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Ezra Klein writes that big banks are bad for small depositors:

They’re about the pros rather than the amateurs. Which may be why they’re so cavalier about exacting fees and penalties on individual depositors at levels they’d never consider applying to professional markets. Indeed, pretty good research suggests that as banks get bigger — which tends to mean more competitive on the global financial market — they begin charging consumers more.

This seems to be true.  Take a look at the chart on the right from today’s Wall Street Journal.  It shows that banks receiving bailout funds have increased fees at a far higher rate than banks that haven’t.

Does this show that banks receiving federal assistance are more likely to raise their fees and penalties?  Of course not.  This trend is nine years old.  However, it’s big banks that have received most of the TARP money, so you can pretty much replace “Banks receiving TARP funds” with “Big banks.”  So what the chart shows is that big banks have increased their fee and penalty structure far more than small banks.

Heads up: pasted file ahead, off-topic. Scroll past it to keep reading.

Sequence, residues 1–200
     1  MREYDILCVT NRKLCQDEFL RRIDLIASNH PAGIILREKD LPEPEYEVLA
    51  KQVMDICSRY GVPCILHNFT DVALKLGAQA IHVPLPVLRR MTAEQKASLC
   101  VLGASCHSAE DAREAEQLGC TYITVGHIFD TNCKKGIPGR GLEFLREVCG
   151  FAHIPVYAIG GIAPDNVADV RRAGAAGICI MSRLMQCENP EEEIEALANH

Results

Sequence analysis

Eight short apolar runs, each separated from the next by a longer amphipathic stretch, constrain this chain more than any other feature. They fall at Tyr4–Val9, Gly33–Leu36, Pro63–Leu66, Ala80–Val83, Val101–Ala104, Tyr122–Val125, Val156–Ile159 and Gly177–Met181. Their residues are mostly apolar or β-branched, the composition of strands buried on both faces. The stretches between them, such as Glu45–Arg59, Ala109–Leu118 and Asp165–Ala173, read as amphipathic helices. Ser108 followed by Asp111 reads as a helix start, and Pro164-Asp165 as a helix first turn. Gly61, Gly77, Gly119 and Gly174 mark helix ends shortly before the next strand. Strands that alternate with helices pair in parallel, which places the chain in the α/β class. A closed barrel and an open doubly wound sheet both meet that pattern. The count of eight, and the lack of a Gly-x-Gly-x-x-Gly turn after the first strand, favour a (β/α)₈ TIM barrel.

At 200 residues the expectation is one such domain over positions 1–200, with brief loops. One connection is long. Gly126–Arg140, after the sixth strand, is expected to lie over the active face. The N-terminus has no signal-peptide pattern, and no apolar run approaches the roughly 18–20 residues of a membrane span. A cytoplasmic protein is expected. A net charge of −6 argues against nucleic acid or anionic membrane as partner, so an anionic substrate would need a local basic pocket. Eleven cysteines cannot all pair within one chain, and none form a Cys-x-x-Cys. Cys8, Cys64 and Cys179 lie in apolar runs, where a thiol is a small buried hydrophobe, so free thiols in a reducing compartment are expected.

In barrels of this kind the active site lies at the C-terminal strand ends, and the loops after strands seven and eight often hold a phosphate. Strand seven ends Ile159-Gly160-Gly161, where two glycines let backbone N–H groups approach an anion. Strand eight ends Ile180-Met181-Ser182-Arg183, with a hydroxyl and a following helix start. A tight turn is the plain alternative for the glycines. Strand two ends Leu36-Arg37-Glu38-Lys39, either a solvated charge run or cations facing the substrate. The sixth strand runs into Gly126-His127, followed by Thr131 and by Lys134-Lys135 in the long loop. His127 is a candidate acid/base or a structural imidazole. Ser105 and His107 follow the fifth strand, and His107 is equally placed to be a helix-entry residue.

Why?  Because they can.  And in the past they’ve wielded enough political power to prevent Congress from doing anything about it.  If there’s any justice — and needless to say, that’s still an open question — those days are finally gone.

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We didn't know what to expect when we told you we needed to raise $400,000 before our fiscal year closed on June 30, and we're thrilled to report that our incredible community of readers contributed some $415,000 to help us keep charging as hard as we can during this crazy year.

You just sent an incredible message: that quality journalism doesn't have to answer to advertisers, billionaires, or hedge funds; that newsrooms can eke out an existence thanks primarily to the generosity of its readers. That's so powerful. Especially during what's been called a "media extinction event" when those looking to make a profit from the news pull back, the Mother Jones community steps in.

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